This leaves us with the challenge of finding ways to disseminate teacher-made microworlds. Such products should not be sold like commercial software. That would make them too expensive, and could defeat their purpose as extensions of Logo. On the other hand, the simple swapping of program disks is also inadequate. 

A teacher-made microworld should be considered a professional product. Its procedures should be well-structured, so that they can be easily used and modified. And it should be well documented, so that both teachers and students can understand its purposes and use it effectively. 

Perhaps we should start a kind of “microworld journal,” with an editorial board to evaluate both the programming style and the educational usefulness of a particular product, edit the program and documentation if necessary, and disseminate disks for many different versions of Logo. Such a project could begin on a small scale, but in the long run, it could have immense benefits for the continued growth of the Logo community and the development of a flourishing Logo culture. 


Abelson, H. (1982). Logo for the Apple II. Byte Books / McGraw-Hill.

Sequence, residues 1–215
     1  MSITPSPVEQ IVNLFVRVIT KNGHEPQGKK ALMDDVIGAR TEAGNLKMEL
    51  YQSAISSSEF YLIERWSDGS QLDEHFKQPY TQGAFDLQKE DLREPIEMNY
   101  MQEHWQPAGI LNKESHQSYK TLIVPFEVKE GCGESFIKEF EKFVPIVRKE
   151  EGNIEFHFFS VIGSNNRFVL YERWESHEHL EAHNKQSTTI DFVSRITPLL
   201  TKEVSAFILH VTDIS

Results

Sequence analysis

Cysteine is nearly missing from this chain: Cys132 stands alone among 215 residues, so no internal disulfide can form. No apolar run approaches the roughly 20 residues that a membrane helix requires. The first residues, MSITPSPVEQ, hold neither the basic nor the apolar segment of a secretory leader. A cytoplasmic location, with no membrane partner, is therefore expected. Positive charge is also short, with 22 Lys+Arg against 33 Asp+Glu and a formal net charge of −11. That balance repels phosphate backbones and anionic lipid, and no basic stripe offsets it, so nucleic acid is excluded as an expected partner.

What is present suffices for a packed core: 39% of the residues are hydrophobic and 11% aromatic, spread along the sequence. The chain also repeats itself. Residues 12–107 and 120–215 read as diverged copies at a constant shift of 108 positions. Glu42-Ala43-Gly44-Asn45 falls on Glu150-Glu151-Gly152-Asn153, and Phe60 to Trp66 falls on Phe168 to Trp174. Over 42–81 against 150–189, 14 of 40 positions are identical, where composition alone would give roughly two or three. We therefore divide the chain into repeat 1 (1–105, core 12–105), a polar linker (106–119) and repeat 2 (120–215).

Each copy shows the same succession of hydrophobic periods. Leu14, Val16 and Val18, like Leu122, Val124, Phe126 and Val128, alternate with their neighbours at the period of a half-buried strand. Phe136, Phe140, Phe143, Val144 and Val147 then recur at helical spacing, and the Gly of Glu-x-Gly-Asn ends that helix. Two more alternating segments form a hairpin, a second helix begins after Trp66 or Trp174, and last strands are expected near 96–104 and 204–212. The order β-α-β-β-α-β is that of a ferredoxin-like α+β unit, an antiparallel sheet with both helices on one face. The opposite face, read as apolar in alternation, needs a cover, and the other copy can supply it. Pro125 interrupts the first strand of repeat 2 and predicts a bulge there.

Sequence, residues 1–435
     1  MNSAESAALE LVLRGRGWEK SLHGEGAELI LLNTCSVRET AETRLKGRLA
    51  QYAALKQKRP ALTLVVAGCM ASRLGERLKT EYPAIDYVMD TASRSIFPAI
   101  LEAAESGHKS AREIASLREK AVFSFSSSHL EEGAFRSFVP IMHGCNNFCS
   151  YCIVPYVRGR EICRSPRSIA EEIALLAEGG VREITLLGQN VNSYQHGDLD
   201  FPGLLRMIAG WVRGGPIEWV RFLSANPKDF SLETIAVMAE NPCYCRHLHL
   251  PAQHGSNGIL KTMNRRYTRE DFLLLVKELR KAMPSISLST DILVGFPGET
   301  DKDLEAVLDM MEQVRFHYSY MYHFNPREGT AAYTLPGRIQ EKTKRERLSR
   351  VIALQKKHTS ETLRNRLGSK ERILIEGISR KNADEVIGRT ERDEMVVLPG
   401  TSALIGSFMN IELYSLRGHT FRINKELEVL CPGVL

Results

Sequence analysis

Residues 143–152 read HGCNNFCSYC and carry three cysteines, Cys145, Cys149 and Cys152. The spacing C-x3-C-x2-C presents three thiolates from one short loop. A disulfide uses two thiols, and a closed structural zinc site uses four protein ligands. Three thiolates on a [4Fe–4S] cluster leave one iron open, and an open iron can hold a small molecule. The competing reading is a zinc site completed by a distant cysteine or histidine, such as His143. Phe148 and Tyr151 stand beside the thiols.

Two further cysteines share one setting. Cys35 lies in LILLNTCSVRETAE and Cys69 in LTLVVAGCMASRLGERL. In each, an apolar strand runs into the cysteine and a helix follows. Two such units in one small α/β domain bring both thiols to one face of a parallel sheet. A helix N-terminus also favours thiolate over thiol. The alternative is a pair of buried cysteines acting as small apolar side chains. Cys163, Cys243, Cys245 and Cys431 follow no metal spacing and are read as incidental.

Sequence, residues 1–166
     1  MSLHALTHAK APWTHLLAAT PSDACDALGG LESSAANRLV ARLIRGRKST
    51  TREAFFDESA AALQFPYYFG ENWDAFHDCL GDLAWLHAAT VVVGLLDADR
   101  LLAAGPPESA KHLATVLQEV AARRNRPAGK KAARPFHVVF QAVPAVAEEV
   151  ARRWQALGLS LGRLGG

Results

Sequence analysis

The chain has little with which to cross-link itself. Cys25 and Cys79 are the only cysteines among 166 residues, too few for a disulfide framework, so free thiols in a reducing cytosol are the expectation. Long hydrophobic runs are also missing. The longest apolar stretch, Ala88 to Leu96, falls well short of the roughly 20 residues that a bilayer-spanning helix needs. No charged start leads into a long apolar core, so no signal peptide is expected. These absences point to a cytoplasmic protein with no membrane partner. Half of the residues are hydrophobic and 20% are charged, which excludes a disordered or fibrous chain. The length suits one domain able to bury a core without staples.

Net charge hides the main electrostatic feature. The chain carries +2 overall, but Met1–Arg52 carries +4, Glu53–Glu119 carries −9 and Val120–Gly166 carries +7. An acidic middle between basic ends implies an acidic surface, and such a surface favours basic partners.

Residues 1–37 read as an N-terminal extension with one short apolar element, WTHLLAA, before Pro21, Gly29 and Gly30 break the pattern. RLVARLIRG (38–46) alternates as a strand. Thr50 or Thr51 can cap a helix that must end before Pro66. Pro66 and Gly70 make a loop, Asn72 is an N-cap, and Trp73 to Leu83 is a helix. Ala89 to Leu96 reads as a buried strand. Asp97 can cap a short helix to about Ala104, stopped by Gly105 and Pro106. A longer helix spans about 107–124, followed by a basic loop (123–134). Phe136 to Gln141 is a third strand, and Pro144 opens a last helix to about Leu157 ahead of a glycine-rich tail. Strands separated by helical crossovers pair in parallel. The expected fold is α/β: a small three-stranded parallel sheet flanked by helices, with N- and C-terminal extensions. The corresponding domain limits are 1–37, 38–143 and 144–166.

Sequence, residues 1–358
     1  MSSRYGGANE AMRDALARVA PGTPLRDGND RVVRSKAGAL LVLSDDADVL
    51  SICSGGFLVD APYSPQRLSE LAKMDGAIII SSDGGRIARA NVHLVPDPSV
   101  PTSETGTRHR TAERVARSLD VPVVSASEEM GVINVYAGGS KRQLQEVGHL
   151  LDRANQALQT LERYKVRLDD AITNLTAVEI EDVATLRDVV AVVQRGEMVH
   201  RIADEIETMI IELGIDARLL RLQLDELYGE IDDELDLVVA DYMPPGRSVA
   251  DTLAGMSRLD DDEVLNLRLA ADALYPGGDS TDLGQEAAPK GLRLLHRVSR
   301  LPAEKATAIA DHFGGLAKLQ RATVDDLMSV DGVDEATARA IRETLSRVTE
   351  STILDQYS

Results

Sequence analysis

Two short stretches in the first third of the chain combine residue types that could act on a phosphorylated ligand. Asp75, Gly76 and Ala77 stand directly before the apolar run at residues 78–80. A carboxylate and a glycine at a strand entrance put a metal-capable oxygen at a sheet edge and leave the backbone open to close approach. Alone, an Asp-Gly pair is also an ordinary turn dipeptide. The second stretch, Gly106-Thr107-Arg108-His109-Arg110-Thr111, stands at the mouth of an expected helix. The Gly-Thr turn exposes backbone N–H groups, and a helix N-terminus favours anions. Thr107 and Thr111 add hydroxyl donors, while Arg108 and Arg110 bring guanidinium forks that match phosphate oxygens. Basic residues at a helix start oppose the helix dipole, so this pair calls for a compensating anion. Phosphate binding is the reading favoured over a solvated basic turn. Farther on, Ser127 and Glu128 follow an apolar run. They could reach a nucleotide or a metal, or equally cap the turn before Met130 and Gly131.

Abelson, H., & Goldenberg, E. P. (1977). Teacher’s guide for computational models of animal behavior. MIT Logo Memo #46. MIT Logo Group.

Bamberger, J. (1974). What’s in a tune? MIT Logo Memo #13. MIT Logo Group.

Logo music. (1982, August). Byte.

diSessa, A. A., & White, B. Y. (1982, August). Learning physics from a dynaturtle. Byte.

Hoffer, B. L., & Semmes, P. (1984). Haiku and Nim: Logo in the language arts. In Proceedings, National Educational Computing Conference, Dayton, Ohio.

Lawler, R. W. (1982, June). In the lap of the machine. Boston Review.

Lawler, R. W. (1982, August). Designing computer-based microworlds. Byte.

Papert, S. (1980). Mindstorms. Basic Books.

Sharples, M. (1980). A computer-based language workshop. Sigcse Bulletin, 14(3).

Watt, D. (1981). Games with a dynamic turtle. Unpublished material.

Watt, D. (1983). Learning with Logo. Byte Books/McGraw-Hill.

Watt, D. (1985, April). Creating Logo microworlds. In Proceedings of the Joint Conference of Educational Computing Organization of Ontario and the Association for Educational Data Systems (ECOO/AEDS), Toronto, Ontario.

Watt, M., & Watt, D. (1985). Teaching with Logo. Addison-Wesley.

Scroll to Top